• http://AddaURLtothiscomment PurePersistence

    Love > Fear

  • http://louellabryant.ccom Ellie

    Good truths. There must be some positive results of fear, however. Survival/self-preservation for one. Safety. And perhaps a way to keep happiness in check so that we don’t float in complete euphoria into the ether. But, then, I may be complicating the issue. Yes, I agree that fear, especially unchecked, is terribly limiting. Thanks for another thought-provoking post.

  • http://louellabryant.ccom Ellie

    Encore ~ Fear can be quite exhilarating. Think amusement parks: roller coasters, Ferris wheels, clowns, circus high wire acts. Fear is a human emotion, and it seems to me that while we’re here, in this flesh, perhaps we should enjoy ALL emotions…even, yes, fear.

Previous Posts

Mindfulness for Introverts
Mindfulness is a natural fit for introverts. The act of meditation itself is an introverted activity and at the same time equips introverts to navigate their interior without getting stuck in rumination. I recently wrote an essay for the Kripalu Thrive blog entitled Mindfulness for Introverts.

posted 3:26:51pm Jul. 08, 2014 | read full post »

The transformative power of mindfulness . . .
As I mentioned last week, there is a special learning opportunity upcoming with Jack Kornfield. I hope you got a chance to look at his videos. Registration is now open to take advantage of studying mindfulness with one of the most beloved American teachers. When it comes to creating real, lasting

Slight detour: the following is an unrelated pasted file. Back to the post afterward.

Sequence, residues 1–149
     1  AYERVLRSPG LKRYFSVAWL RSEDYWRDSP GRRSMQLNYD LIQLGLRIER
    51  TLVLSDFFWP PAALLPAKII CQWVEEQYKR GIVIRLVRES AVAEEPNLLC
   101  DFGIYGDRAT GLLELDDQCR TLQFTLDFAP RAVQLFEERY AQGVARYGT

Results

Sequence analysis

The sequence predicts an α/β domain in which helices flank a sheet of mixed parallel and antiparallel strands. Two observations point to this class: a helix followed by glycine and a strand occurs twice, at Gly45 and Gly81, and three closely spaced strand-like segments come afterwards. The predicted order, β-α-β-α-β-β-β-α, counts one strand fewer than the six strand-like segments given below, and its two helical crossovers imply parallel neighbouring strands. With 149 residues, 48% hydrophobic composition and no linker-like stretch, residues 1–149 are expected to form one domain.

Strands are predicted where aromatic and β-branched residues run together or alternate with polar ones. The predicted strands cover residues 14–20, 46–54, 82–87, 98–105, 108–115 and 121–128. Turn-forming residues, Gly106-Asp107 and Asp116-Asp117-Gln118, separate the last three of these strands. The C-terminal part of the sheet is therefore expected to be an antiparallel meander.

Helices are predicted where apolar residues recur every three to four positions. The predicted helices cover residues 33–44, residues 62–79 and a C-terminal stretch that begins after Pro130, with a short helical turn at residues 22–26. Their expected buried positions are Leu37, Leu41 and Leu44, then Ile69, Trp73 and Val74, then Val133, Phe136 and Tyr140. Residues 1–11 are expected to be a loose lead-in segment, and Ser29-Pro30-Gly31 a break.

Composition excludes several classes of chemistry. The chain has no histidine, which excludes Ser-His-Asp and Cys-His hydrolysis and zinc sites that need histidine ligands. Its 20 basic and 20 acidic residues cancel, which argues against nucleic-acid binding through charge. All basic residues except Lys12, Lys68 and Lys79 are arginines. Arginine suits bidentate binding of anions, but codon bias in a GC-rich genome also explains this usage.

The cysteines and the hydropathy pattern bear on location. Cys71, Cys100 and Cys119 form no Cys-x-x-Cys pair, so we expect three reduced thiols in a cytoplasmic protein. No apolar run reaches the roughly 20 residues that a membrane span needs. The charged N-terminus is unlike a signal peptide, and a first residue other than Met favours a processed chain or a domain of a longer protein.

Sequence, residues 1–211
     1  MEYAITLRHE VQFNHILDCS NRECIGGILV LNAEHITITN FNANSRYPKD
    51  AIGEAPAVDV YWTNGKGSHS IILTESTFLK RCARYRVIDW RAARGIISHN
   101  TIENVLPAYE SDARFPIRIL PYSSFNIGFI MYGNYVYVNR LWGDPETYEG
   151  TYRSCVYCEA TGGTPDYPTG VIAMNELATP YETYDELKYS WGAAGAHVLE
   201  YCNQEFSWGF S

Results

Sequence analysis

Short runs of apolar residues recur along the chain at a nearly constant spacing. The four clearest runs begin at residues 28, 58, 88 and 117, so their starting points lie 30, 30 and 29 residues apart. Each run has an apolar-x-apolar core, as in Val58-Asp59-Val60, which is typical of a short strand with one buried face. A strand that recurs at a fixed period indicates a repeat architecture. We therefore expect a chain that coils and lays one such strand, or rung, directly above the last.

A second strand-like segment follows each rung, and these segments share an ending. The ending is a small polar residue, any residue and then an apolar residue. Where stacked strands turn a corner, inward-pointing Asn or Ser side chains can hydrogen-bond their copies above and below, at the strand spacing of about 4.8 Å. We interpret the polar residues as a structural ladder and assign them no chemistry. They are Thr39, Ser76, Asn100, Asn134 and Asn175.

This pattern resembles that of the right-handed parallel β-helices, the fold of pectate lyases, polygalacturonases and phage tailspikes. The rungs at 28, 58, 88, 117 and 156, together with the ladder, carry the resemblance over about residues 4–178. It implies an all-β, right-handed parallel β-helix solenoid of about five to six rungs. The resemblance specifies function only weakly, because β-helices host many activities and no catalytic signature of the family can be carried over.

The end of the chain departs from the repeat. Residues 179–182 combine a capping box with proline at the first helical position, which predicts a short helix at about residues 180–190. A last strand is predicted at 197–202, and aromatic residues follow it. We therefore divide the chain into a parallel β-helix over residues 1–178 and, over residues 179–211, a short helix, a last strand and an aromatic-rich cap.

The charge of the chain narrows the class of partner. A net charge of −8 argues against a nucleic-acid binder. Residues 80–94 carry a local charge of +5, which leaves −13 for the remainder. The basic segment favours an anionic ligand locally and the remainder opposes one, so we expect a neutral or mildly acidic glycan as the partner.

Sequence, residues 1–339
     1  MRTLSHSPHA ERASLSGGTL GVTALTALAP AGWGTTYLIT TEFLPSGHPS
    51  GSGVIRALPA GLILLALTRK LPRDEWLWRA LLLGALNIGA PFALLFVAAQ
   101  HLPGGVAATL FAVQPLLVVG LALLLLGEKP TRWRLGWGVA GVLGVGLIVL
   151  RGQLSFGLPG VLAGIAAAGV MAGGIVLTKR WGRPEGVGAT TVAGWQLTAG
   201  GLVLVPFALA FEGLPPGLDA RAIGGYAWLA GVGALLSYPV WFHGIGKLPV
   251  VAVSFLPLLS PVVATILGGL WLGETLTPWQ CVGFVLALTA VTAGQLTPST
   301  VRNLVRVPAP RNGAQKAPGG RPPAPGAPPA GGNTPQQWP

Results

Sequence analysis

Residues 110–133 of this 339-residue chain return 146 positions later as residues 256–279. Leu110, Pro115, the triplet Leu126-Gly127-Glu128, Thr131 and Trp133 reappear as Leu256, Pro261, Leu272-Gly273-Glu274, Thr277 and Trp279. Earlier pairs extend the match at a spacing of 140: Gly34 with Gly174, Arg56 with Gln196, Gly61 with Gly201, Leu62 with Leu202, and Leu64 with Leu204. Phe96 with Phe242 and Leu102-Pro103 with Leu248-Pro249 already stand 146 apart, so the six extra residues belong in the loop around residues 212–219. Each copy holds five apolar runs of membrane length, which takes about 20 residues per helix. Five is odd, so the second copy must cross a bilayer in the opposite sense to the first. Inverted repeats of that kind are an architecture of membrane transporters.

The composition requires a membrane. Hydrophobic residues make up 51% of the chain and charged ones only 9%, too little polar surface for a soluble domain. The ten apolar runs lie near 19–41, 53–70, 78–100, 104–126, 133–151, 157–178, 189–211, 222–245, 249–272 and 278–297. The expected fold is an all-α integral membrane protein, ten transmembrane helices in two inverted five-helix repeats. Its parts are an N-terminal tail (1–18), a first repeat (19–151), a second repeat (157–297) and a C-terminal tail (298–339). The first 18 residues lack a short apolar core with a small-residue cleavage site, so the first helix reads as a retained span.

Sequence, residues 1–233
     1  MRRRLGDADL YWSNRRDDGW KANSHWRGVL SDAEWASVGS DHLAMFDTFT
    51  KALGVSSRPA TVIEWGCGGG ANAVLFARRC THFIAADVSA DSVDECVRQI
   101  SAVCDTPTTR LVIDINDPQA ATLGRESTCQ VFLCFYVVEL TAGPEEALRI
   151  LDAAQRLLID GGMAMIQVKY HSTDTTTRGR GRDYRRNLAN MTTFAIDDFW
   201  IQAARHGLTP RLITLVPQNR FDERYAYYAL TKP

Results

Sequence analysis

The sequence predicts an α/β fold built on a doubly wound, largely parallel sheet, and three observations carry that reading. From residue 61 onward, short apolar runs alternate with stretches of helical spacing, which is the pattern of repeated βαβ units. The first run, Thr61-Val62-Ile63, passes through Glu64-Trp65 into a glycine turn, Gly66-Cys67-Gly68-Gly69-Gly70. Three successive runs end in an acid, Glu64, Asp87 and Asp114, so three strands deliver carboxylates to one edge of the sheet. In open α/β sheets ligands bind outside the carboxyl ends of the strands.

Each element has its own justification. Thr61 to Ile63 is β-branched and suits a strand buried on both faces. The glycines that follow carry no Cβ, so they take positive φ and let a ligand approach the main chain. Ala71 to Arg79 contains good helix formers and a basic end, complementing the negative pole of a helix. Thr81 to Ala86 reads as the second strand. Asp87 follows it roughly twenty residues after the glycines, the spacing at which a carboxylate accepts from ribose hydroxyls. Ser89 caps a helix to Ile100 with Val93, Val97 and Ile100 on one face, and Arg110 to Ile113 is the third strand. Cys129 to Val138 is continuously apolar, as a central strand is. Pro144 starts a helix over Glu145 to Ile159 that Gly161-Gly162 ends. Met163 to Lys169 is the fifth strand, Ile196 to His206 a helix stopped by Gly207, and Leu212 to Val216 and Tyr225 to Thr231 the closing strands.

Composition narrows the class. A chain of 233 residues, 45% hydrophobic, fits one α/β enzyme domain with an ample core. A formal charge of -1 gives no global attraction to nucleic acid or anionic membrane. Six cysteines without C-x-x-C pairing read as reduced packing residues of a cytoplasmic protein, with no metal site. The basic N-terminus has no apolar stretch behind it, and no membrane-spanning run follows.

posted 11:28:48am Jun. 17, 2014 | read full post »

7 Contemplations for Realizing the Spiritual Introvert Edge (for introverts AND extroverts)
Spirituality Defined “Spiritual but not religious” is a popular designation. What does it mean to be spiritual? There may be as many definitions of spirituality as spiritual people. Everyone puts their unique imprint on what it is to be a spiritual person. These definitions range from religious

posted 1:58:09pm Jun. 15, 2014 | read full post »

Selling Water by the River: The Deceptive Simplicity of Learning Mindfulness
The proliferation of all things mindfulness is mind boggling (does that make one more or less mindful, I wonder?). Research, teachers, books, blogs, and applications continue to grow. It may be safe to say, mindfulness has become a fad. There could certainly be worse things to generate a bandwagon e

posted 1:25:17pm Jun. 10, 2014 | read full post »

The Science of Mindfulness
A recent analysis of mindfulness research studies (known as a meta-analysis) was published by the Association for Health and Research Quality (AHRQ). This government agency does major reviews of various therapies. The good news is that mindfulness has come of age to attract such a review. The ba

posted 11:42:45am Jun. 01, 2014 | read full post »




Report as Inappropriate

You are reporting this content because it violates the Terms of Service.

All reported content is logged for investigation.